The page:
Last month my colleague Chris Edwards talked about the transition that’s under way in our London Terminal Control room, where we’re introducing a new digital tool called EXCDS to replace the paper strips currently used by Controllers.
Listening Squawk, Monitor Code or Frequency Monitor Code? Here’s the lowdown on how and when to use them…7 July 2017
Frequency Monitor Codes (FMCs) have now been in use in the UK for over 10 years and they’ve collected a range of names during that time such as Listening Squawks and Monitor Codes but they are all actually referring to the same thing.
Pilots are encouraged to use a FMC when they are flying outside controlled airspace, but close to controlled airspace boundaries, in order to increase situational awareness and help to combat infringements.
We are always looking for new ways to challenge and inspire our thinking; part of that involves making sure that our solutions are not limited to a narrow Air Traffic Management (ATM) perspective and are instead considering how knowledge from other disciplines could be applied to ATM.
Aviation produces greenhouse gases, that’s a fact we can’t ignore and yet at the same time the world has become addicted to flying. Later today I will be speaking at the UN Climate Change Summit in Paris to demonstrate some of what we’re doing to deliver CO2 emission reductions.
At NATS we strive to be environmentally efficient in our operational and corporate work and support the community through charity and voluntary work.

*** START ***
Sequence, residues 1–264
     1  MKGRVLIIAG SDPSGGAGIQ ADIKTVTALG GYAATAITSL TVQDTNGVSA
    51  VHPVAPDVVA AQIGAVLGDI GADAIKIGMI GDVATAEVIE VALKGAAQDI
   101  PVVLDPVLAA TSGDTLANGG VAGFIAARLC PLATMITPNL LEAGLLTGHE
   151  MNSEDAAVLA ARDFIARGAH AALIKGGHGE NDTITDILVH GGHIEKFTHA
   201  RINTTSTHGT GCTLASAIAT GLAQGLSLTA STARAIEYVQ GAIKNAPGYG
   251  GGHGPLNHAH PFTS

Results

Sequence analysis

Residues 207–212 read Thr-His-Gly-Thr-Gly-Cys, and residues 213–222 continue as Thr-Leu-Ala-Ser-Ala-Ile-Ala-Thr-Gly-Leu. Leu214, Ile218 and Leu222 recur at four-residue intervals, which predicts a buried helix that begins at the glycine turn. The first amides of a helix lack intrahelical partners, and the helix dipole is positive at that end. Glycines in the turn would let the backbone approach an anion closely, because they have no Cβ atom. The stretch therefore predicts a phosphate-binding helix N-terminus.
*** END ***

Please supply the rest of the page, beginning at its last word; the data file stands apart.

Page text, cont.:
Continuous Descents Operations (CDOs) mitigate noise by keeping aircraft higher for longer. They can offer noise reductions of between 1 to 5 decibels per aircraft on the approach from between 25 to around 10 miles to touchdown.
From sports such as Formula 1 using real-time data to analyse performance and devise strategy through to retail and loyalty cards using big data sets to provide better experiences and offers for their customers, getting your hands on good data and using it effectively is at the heart of many of today’s industries. Real-time big data is on its way to ATM and the sooner we can make it happen, the better.
Smarter and more collaborative working is the best way to be efficient and ensure we can be sustainable as an industry.
A good proportion of us will take to the skies over the next few months to reach our holiday destinations and will expect the flight to and from your paradise to be without drama.
In the world of air traffic control, we have that same desire and work particularly hard to realise that expectation, even with growing air traffic levels and increased demand.
GPS is widely used in the transport industry, most obviously by the sat-navs in our cars, but largely due to current levels of signal accuracy and integrity being too low, we’re yet to maximise its use in the aviation industry. This is starting to change, however, with the ongoing development of the European Geostationary Navigation Overlay Service (EGNOS).